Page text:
When a diagnostic image is formed by a video imager on an X-ray film in a digital scintillation camera system, the count vs. grey-level characteristics are increased by a function f(x0) for compensating the image data stored in the image memory by a difference of the count-density characteristics of the images obtained by the analog and digital scintillation camera systems. In this state, when grey-level conversion is performed in accordance with the function f(x0), the same diagnostic image as obtained by the gamma imager of the conventional analog system can be formed.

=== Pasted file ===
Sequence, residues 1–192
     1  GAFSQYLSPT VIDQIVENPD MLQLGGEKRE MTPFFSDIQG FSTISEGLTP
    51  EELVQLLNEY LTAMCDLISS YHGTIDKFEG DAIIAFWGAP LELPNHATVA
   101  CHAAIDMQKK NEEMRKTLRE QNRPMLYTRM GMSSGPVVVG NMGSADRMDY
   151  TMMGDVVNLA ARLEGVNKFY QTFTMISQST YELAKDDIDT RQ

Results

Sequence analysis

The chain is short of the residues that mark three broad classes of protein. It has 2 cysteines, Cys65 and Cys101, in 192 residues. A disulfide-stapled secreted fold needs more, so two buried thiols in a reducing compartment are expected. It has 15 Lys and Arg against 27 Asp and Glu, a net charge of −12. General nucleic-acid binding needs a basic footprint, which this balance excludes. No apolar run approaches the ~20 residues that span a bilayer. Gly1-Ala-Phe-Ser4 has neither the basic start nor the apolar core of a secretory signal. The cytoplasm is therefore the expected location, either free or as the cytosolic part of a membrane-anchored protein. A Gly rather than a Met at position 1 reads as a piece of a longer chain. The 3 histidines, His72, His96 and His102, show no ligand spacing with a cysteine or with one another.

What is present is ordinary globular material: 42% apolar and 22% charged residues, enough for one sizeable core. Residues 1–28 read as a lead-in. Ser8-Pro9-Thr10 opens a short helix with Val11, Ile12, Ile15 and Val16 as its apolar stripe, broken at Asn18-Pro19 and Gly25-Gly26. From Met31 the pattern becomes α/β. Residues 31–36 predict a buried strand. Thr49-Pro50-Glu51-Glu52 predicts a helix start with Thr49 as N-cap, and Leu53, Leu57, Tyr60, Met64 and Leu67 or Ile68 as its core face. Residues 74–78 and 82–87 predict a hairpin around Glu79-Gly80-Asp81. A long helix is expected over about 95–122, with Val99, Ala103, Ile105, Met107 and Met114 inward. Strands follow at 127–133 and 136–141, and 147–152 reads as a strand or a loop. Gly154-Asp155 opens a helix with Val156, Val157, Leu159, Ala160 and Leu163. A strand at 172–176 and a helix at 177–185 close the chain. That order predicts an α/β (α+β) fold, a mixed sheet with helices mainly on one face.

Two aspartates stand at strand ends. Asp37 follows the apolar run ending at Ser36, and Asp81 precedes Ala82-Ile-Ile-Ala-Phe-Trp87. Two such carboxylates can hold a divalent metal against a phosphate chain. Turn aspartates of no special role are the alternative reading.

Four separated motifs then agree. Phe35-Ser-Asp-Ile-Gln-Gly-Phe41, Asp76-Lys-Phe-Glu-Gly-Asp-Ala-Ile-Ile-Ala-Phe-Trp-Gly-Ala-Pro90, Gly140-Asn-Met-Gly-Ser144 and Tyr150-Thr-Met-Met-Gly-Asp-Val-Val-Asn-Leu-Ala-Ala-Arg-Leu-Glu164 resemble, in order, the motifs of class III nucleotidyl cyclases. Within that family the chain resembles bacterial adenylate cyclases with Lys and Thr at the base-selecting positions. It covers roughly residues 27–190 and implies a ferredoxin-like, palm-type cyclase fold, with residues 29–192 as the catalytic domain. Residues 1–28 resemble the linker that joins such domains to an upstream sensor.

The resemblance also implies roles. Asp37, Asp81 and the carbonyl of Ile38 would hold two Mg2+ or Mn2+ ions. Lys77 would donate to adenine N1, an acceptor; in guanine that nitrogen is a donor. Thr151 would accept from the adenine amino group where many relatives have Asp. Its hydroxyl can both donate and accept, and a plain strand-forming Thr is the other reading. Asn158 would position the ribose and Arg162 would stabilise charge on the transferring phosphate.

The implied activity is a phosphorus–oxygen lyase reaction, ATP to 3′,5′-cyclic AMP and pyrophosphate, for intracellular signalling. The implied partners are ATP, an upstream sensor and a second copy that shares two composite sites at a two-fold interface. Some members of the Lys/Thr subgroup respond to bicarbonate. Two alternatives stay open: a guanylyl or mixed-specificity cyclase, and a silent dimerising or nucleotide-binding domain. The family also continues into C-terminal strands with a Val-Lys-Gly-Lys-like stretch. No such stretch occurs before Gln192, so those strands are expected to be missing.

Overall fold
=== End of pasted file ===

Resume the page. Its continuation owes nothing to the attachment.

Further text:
For example, assume that a grey-level z1 is given by a function f(xl) for converting the count-to-grey-level in correspondence with a count x1 and a density y1. By adapting a conversion function f(x0) for achieving the grey-level of z0 (z0>z1) for the count x1, the density of the X-ray film, with an image formed by the video imager, can be equal to that with an image formed by the gamma imager.

FIG. 3 shows a digital scintillation camera system for achieving the principle of the present invention, according to a first embodiment thereof.